Saturday, June 25, 2005

State May Change Eminent Domain Laws

Blumenthal Supported New London Decision

There's a possibility (although not a very strong one right now) of the state changing eminent domain laws in the wake of the Kelo v. New London decision released Thursday by the U.S. Supreme Court:

Mrs. Rell, a Republican, issued a cautious response to the closely watched court ruling, one that found economic development, not just blight removal, an appropriate use of the government's power of eminent domain
"The governor said it is an issue the legislature ought to consider," said Dennis Schain, Mrs. Rell's spokesman. (Stowe)

Robert Ward, the House Minority Leader, was less cautious in his response:

Robert M. Ward, a Republican who is the House minority leader, said he was "deeply disappointed" by the court's ruling. Mr. Ward said he will introduce legislation in the next session of the General Assembly in February to protect property owners from losing their homes or businesses in the name of economic development.

Mr. Ward tried to get a similar bill adopted in the last legislative session. It would have removed the economic development provision from the state's eminent domain laws, allowing the government to seize only blighted property. He said Utah adopted a similar bill in March. The Connecticut bill died in committee. (Stowe)

This is a good idea and ought to be done as soon as possible. Using eminent domain to take private property for private economic development is an abuse of government power, and should not be classified as acting in the interest of the public.

Democratic leaders around the state have been eerily quiet about the decision, except for one:

On Thursday, Attorney General Richard Blumenthal, a Democrat, first praised the court's decision as "vindicating long established eminent domain principles." He tempered his remarks on Friday, saying Connecticut's eminent domain law "deserves serious, critical scrutinizing" to ensure that it protects private property rights. (Stowe)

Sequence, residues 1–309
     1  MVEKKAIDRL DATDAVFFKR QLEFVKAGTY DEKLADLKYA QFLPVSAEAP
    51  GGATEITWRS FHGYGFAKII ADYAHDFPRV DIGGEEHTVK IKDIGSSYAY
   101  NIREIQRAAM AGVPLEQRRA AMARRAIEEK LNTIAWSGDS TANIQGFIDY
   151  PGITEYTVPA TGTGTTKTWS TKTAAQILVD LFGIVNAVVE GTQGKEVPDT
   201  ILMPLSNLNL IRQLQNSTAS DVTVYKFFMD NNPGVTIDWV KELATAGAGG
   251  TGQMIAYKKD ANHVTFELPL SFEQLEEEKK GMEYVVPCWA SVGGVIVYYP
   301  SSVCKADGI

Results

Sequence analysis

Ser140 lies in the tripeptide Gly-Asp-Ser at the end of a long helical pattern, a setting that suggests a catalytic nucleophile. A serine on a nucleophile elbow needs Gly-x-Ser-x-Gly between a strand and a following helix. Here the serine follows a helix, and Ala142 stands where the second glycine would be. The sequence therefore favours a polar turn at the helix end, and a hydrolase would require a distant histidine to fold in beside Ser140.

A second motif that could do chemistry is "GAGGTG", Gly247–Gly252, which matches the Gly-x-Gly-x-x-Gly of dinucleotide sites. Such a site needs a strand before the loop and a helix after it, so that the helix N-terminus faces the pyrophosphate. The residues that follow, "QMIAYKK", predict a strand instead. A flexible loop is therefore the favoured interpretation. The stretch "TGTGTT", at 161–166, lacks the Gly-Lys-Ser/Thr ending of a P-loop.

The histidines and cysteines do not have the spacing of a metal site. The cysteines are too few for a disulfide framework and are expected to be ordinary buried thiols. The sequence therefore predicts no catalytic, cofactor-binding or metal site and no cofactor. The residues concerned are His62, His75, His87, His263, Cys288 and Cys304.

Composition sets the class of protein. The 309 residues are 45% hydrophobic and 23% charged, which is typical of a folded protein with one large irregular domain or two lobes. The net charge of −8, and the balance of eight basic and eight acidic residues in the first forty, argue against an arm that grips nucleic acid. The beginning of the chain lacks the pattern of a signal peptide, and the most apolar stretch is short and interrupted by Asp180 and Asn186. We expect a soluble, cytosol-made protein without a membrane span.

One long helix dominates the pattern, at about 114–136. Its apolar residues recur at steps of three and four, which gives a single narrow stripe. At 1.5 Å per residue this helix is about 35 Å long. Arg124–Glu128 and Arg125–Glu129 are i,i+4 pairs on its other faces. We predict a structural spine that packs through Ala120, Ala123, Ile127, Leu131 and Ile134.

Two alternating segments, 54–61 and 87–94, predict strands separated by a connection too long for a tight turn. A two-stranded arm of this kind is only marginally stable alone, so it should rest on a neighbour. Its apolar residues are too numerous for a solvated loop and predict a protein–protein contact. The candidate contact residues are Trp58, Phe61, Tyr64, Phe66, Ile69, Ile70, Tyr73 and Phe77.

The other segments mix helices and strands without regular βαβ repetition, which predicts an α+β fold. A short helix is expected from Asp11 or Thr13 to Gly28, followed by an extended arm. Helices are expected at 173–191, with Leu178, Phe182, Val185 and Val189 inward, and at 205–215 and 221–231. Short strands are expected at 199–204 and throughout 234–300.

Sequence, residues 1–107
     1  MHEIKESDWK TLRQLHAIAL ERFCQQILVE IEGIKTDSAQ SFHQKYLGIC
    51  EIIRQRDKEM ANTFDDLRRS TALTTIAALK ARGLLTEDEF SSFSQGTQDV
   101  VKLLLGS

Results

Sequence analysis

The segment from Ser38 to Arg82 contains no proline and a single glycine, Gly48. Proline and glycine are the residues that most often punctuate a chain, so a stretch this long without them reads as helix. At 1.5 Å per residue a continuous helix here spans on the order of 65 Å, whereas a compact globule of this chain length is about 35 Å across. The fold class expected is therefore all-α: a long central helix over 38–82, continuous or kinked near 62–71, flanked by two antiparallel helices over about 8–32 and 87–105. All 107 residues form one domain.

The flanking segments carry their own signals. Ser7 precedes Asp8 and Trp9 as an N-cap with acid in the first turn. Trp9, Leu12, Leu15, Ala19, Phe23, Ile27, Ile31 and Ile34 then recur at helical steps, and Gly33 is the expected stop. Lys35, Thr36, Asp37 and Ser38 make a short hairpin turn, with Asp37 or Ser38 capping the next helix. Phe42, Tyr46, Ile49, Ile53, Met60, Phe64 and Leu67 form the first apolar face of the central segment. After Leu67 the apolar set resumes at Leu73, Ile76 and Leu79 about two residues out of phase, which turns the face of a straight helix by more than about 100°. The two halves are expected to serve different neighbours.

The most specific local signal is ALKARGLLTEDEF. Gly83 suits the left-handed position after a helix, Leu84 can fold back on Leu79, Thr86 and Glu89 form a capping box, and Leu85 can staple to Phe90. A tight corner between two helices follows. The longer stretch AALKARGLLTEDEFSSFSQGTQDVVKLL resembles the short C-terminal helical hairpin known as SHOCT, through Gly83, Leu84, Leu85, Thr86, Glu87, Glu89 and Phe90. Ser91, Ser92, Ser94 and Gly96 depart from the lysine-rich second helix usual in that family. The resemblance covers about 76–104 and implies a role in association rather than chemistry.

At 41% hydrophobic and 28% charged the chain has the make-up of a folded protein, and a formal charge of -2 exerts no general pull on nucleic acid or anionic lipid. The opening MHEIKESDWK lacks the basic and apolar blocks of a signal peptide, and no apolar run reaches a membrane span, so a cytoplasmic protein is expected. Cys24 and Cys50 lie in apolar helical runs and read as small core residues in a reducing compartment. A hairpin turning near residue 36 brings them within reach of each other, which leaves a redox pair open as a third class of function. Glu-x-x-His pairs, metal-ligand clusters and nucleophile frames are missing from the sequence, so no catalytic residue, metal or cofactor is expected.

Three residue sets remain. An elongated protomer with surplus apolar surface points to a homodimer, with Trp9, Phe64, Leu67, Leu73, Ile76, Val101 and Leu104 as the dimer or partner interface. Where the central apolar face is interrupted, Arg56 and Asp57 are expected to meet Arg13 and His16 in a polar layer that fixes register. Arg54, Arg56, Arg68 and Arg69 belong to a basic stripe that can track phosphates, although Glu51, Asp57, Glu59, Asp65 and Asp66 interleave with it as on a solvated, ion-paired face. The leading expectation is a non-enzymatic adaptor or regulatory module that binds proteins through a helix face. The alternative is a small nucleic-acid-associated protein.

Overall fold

A masterful job of backpedaling. No word out of either the DeStefano or the Malloy campaigns about the decision, and the legislative leadership has also been mute. Why are state Democrats so quiet about this? They shouldn't be; they run the risk of being seen as against private property rights. Something like that could very well make Connecticut Republicans relevant again.

Stowe, Stacey. "Rell Seeks Legislative Review of Ruling on Eminent Domain." New York Times 25 June, 2005.


FrankS said...

Here's Rell's finger in the wind moment, she says and does nothing.

Ward and Blumenthal each have taken positions, Ward through the proposed legislation and Blumenthal's 2004 comments filed in the case. (Link:

Pokey and cautious are simply terms that Rell should use when looking in the mirror.

Eddie said...

I wonder if DeStefano and Molloy were both faced with eminent domain issues, made decisions that, uh, seemed good at the time, and aren't in a position to say a whole lot about it now. I don't know one way or another, not knowing the situations in their home bases well enough, but maybe that's one explanation for their quietude.

Anonymous said...

I totally agree with what franks said about Rell's finger in the wind. I emailed her right after the decision and got the most idiotic, one the one side and on the other side, response imaginable. The woman is useless; totally, utterly useless. I wouldn't be surprised if she had never heard of the case before the Supreme Court ruled, busy as she is granting interviews to a fawning press and preparing for the open house. Maybe when the legislature gets around to looking at eminent domain laws in this state, taxpayers could get an explanation of what exactly happened to the $73 million of state taxpayer money that has already been poured into this boondoggle. I know for a fact that some of the money was used to pay the salaries of the members of the New London Development Corporation. Rich, huh? Property owners all across this state had their own tax dollars spent on the salaries of the very people who have just undermined those same people's private property rights. Nice work if you can get it.
The whole thing is a disgrace. Sheila M Blanchet, Guilford